Though it may be tempting to apply the narrow tools of conservative economics to crisis affected Asian countries such as Indonesia, policy makers must pay considerable attention to their suitability for South East Asia. In the past, policy prescriptions have been evaluated in the context of orthodox macroeconomic variables. There is scant attention paid to issues of poverty, income distribution and the plight of the people as a whole. Hence, it is the central contention of this study that the IMF stabilisation program in Indonesia was inadequate because social and political factors were largely ignored.
Many critics would answer this claim with the point that, it is not the role of the IMF to behave as social architects. It must be realised that the effects of IMF conditionality and fund programs enforced on recipient nations ultimately effect the political and social stability of that nation.
Current assessment of the IMF's involvement in Indonesia has held a somewhat narrow focus on short-term measures of economic stability and growth. To date, most methods of evaluating Fund programs in Indonesia have centered on domestic and external balance, inflation and GDP growth. Accordingly, it is the objective of this thesis to assess the efficacy of IMF involvement in Indonesia utilising more socio-economic yardsticks in restoring economic and social stability.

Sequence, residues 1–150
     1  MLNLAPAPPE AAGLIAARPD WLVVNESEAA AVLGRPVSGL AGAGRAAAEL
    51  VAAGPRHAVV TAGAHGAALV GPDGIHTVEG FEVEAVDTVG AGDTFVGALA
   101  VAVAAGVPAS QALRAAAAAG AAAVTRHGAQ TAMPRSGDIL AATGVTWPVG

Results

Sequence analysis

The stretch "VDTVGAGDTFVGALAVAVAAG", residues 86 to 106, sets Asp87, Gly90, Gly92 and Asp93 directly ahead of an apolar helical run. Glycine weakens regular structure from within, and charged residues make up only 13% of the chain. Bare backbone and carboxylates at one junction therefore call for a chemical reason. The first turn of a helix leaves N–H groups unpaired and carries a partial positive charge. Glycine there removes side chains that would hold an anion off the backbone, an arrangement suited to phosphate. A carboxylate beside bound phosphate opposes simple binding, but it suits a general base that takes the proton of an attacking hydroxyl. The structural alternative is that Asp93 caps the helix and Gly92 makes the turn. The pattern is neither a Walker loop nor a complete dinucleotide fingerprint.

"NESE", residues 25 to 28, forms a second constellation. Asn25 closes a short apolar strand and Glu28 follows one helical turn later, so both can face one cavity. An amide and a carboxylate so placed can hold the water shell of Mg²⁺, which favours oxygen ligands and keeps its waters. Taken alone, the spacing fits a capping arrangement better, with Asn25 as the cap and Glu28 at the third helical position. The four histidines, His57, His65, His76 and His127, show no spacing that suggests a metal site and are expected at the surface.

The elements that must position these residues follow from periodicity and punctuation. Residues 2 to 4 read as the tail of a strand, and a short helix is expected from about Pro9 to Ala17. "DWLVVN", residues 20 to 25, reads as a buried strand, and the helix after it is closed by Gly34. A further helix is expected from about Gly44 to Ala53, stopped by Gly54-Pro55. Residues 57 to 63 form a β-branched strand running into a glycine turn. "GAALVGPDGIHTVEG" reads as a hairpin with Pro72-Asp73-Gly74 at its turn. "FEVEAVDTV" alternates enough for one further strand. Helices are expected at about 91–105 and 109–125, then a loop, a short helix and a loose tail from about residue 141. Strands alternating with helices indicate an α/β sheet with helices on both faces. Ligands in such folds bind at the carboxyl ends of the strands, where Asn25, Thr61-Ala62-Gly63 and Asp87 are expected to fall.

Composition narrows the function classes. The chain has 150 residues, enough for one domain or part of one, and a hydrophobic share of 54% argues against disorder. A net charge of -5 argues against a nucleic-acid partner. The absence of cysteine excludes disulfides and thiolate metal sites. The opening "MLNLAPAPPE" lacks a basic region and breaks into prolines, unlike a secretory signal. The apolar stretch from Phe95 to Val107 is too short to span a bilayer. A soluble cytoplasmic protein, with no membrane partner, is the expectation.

In 1997, when the crisis began, Indonesia's external debt totaled 60% of GDP, social unrest plagued both major cities and rural areas and government instability and corruption became increasingly exposed. The IMF relatively ignored these indicators, hence, prima facie evidence suggests that in terms of socio-economic indices, the IMF failed in terms of poverty and income levels. This has resulted in a slide of nine positions within the United Nations Human Development Index, placing Indonesia equal with Bangladesh and at the same socio level of 1966.